Because Animals Matter

Our 2019 Hay Fundraiser

A Place of Peace

Somewhere right now at A Place of Peace farm animal sanctuary, Bessie the cow is happy to always have her son Blessed by her side, as well as her social group of cow and steer friends. Elsewhere on the sanctary, Miss Marple the lamb only knows security with her mum and twin sister as a close family unit and friends all around. Elowyn the mare and her son Galen are just two of the many brumbies rescued from culling who are never apart — and never will be. This is our vision of animal paradise brought to life.

Set in a farming community outside the small village of Braidwood, NSW, A Place of Peace has been operating for over 20 years, and today is home to some 500 lucky animal souls who have found peace and safety from culling, slaughter, terror, and euthanasia. It’s a life’s work of respecting animals and their families and social systems in as natural an environment as we can offer them.

Above: sanctuary cows enjoying an evening nibble of hay.

Third Winter in Drought

But here we are in our third winter in drought. Hay is not just hard to find this winter, but it is incrediby expensive. And with 500 animals dependent on that hay, we are needing to buy it by the truckload. A weeky truckload can be anything from $4,000. A semi trailer worth of hay from a different state is $19,000 and up. This is what we had to do last year as well. And we did with your help.

We’re determined to get through this challenging drought. And again, with your generous donations, we will.


Above: Big Mama and Bindi, two of our most recent rescues from last year — now contented and safe.

Tell the world that animals matter

Out in the farming world, farm animals are simply “stock” to make a buck with. We want to change that narrative. By supporting our sanctuary through drought, you send a message to the world that animal lives matter. This is vital for social change. Because animals do matter, as does how people treat them.

Here at A Place of Peace, we also provide a refuge for wildlife. We put out food for the kangaroos and wombats to help them deal with the lack of natural food, and also to keep them away from hunters who shoot to kill.

Honestly, it sometimes feels like a war zone here in the country,, with farmers “de-stocking,” pulling animal families apart, and shooting wildlife just because they can. Supporting a sanctuary of peace is a great way for you to help to start the new narrative.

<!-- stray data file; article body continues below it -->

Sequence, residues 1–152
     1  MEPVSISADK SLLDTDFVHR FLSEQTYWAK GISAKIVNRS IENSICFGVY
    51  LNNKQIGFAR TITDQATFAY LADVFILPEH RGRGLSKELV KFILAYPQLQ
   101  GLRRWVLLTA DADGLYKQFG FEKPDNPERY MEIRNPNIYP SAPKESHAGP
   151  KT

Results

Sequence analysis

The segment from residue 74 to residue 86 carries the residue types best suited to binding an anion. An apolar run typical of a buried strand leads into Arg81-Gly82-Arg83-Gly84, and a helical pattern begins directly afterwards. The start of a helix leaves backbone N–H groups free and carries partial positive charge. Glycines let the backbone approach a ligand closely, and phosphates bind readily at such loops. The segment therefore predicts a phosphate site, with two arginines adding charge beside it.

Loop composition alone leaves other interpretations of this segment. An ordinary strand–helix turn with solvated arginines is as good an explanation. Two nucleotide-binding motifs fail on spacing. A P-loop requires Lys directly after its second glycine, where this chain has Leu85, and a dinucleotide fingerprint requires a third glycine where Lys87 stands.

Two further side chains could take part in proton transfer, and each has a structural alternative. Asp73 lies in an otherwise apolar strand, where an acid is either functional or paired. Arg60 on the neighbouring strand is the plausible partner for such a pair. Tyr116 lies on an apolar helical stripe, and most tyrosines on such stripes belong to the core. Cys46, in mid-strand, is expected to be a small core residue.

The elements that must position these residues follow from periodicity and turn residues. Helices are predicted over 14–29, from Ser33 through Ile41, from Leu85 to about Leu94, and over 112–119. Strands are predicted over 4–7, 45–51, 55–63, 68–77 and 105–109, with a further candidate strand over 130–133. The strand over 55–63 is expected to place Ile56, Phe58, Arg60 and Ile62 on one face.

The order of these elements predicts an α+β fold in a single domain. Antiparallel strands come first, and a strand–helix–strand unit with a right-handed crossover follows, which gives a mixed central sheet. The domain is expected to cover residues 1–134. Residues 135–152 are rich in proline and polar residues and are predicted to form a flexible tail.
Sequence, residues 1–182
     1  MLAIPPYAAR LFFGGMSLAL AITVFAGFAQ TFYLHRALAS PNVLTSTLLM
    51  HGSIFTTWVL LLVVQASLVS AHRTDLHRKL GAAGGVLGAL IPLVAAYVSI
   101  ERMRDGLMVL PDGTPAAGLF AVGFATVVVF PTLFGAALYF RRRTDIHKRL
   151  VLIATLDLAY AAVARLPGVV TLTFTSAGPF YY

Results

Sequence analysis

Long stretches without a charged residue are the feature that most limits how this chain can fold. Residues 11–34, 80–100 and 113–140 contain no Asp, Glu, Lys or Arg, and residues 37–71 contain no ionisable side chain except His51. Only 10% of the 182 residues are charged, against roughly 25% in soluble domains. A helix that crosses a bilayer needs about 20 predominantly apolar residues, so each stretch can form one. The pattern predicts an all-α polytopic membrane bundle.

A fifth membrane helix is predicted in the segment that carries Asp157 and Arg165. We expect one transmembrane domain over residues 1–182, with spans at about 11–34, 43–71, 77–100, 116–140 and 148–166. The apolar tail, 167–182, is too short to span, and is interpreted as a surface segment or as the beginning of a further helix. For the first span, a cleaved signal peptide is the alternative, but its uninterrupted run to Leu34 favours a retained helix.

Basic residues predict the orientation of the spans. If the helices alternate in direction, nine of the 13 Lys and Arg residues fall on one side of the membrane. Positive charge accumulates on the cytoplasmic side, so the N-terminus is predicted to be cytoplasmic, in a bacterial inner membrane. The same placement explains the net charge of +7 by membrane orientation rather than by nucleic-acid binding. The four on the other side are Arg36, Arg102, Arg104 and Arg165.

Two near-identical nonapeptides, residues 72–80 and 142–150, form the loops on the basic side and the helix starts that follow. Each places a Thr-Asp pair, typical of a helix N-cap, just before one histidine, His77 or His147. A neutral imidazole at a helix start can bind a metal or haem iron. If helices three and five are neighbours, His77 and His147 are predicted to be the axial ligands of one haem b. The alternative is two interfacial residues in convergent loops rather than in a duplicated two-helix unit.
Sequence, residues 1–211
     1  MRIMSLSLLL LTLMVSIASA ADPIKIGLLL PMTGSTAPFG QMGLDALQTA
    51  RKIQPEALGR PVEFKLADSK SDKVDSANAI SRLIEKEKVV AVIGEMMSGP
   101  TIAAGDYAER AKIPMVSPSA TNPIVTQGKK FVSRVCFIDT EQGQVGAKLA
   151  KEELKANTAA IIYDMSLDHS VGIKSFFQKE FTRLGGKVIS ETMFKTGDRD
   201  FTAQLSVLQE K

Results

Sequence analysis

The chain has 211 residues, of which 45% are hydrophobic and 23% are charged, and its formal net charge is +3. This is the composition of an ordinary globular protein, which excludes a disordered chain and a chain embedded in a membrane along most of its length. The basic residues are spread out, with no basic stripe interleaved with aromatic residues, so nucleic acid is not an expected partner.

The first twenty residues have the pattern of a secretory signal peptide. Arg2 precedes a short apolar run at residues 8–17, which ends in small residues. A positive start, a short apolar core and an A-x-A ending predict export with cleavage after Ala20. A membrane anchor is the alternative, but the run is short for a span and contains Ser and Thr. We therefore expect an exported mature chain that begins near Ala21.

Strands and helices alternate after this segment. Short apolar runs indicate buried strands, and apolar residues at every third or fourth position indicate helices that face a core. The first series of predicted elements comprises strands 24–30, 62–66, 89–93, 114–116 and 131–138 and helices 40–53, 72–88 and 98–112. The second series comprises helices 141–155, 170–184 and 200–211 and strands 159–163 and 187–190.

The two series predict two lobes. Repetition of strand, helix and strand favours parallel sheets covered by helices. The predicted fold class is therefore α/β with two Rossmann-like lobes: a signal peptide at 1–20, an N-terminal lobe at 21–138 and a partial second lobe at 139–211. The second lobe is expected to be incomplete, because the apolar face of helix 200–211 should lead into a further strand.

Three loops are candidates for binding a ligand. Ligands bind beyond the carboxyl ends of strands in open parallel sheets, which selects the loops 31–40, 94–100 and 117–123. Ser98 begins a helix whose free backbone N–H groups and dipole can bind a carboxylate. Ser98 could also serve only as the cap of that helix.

Above: Albert the sheep says thank you for your support!

Please Support the Animals!

Show that you stand for animals. Make a difference to the lives of these animals in sanctuary who really need your help to get through this drought. We’ve made a promise to these 500 beautiful souls that they will always be safe, and your donations are crucial to us being able to do just that. They deserve to eat and be cared for through drought, no matter what species they are.

Wild Horse Artworks and Other Ways to Support

This year, we have several different levels of support, ranging from feeding a sheep family dinner to buying a semi load of hay. And anything you can contribute in between.

However, if you fancy a little something, check out the mixed media artworks from the house wild horse herd (like the one above), and get your very own digital copy. Really, they’re kinda awesome, and it’s fun to have your own creative expression made exclusively by wild horses.


A Bit More About What We Do

Who Do You Know Who Loves Animals Like You Do?

An effort like this is definitely a more-the-merrier kind of thing. Just think how much more we can do with more people helping out to help the animals. So form a team and fundraise for the animals as a group. It’s more fun that way. Just click the Create Your Own in the Fundraising section down below, toss in a few details, and you’re on your way to success. If you do set up a team, one of us will happily to talk to you or yours about clever ways you can work together to help the animals thrive.

Above: Andrew, Billie, and Tamsin of the Deep Peace Trust